Two weeks ago the Geoscience Club helped with the Boy Scouts Klondike Derby in Osborne. There are times in my life that the meaning of why I was directed into a situation comes completely clear instantly. Other times the meaning may take a bit longer to appear and then there are times that the meaning doesn't appear for some time. No matter when the meaning appears, it's always worth the lesson. There are times I wish I didn't have to experience a situation to learn the lesson, but I'm sure that's because I can be bullheaded and don't want to see some things at times.
The very instant the festivities started at the Klondike Derby started I realized why I was there. I was not there to lead, I was there to follow. Our objective was to lead the troops around to their different stations with GPS units. What happened was those boys showed me something that needed to be re cemented into my mind. Those boys taught me that I needed to be giving more...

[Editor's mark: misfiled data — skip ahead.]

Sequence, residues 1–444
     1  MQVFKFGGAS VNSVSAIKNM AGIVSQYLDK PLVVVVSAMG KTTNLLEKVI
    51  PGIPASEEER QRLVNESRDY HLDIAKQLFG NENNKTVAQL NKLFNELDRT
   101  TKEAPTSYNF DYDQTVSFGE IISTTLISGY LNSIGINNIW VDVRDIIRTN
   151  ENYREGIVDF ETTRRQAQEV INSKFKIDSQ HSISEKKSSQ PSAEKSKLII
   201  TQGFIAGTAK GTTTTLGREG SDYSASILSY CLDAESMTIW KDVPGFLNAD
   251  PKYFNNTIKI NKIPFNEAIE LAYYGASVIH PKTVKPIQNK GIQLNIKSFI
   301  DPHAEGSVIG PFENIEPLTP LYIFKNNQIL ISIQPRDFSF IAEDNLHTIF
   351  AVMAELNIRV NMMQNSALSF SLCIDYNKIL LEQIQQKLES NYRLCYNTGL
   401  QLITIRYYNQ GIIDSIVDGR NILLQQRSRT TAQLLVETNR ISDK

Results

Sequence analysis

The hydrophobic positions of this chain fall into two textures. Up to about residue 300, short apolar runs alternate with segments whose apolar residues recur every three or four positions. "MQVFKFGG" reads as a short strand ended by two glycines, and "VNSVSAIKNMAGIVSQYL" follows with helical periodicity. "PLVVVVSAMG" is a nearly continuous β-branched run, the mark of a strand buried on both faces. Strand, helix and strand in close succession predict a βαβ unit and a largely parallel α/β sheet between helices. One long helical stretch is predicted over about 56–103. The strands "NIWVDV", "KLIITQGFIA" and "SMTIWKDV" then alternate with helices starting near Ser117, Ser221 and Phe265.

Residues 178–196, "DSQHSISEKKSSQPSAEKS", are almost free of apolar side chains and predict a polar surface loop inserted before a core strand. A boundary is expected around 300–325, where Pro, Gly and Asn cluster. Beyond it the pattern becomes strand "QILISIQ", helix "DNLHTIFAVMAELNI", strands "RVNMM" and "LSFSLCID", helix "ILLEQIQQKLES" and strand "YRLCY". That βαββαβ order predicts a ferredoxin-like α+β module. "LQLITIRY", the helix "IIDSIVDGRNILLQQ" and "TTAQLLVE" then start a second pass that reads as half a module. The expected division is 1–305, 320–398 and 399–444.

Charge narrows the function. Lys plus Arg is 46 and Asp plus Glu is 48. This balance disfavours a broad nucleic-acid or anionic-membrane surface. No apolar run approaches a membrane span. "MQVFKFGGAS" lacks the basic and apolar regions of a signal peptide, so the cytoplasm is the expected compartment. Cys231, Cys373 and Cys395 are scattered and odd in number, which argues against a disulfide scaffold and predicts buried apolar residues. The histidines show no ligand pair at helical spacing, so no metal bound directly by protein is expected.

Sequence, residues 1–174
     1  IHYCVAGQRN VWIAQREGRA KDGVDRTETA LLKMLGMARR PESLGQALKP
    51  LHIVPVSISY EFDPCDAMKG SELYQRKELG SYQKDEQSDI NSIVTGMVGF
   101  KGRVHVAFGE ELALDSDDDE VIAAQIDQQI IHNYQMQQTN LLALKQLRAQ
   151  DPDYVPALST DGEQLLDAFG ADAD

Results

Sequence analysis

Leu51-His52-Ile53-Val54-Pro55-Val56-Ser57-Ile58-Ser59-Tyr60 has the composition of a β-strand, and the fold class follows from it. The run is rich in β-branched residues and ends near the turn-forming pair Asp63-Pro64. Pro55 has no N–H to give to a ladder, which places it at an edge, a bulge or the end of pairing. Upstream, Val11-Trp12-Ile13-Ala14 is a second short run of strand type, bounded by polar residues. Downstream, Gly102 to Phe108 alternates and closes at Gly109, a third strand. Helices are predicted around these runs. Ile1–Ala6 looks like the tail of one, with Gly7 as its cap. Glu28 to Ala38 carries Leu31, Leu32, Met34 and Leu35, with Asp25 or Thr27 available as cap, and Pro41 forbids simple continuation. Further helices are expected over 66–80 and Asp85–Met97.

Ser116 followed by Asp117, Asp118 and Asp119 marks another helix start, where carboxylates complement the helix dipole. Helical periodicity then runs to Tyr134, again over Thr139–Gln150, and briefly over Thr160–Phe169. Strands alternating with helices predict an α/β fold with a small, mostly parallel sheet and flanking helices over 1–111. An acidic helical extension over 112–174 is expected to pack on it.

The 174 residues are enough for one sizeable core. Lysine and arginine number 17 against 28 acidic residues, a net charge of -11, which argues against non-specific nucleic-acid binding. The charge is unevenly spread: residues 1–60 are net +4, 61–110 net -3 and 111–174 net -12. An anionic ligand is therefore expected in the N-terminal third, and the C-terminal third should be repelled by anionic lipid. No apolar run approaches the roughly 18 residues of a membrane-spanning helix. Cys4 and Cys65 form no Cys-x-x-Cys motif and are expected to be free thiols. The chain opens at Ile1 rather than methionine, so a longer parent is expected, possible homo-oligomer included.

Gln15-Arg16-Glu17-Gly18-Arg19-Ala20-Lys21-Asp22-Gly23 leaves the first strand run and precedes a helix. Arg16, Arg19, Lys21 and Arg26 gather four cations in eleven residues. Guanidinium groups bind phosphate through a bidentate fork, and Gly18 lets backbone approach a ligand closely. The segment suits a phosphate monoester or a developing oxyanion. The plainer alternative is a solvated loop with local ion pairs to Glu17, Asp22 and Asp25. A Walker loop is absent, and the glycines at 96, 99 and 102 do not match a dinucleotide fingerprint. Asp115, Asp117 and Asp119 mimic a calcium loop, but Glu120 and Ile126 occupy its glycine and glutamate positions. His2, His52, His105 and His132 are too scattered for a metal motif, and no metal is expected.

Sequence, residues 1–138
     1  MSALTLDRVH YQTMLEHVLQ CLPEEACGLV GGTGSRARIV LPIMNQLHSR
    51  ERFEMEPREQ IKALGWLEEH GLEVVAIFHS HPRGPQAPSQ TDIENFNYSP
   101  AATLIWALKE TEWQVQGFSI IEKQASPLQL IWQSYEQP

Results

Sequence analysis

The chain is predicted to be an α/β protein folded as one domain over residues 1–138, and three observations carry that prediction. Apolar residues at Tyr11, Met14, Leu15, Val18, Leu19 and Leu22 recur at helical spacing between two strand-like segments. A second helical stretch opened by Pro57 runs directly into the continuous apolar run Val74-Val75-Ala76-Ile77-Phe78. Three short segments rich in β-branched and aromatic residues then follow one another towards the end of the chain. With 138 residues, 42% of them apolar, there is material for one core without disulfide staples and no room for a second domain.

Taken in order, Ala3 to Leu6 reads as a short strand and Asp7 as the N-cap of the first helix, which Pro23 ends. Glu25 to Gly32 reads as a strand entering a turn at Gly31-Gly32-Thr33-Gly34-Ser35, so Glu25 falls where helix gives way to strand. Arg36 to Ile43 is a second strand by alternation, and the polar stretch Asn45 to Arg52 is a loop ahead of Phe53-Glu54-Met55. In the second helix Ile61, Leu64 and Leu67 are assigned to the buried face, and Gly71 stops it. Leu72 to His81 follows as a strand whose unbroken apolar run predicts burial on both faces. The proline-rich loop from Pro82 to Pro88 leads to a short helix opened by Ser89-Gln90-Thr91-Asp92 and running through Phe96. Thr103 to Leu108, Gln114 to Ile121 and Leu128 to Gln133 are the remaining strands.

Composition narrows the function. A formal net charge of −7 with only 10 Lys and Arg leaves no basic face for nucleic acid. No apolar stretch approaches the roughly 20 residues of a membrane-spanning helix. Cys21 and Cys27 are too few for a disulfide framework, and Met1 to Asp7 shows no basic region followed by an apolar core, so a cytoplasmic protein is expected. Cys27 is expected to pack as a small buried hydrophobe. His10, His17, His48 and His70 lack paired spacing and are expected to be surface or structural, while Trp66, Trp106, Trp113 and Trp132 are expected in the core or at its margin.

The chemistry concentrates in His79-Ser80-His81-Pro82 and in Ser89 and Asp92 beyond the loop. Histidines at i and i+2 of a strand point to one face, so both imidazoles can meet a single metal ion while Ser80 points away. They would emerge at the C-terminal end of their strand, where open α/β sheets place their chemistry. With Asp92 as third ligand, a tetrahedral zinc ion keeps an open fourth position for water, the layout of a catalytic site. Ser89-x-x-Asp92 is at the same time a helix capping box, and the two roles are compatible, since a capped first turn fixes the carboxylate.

I had a blast that day. I was simply amazed at how well those young men worked together. Now granted, they ranged from 9 to 13 and they were pulling a hand-built sled through 2-3 inches of mud. They varied in size, structurally speaking, but not in heart. Even the littlest one in the group had heart.
It was not the most ideal weather for the event. For starters there was all the mud, the weather was cold and windy, and they had less people in their group than any other troop. But those young men overcame the adverse conditions and simple amazed me. They were well prepared! Logistically, mentally, and they knew their skills forwards and backwards!!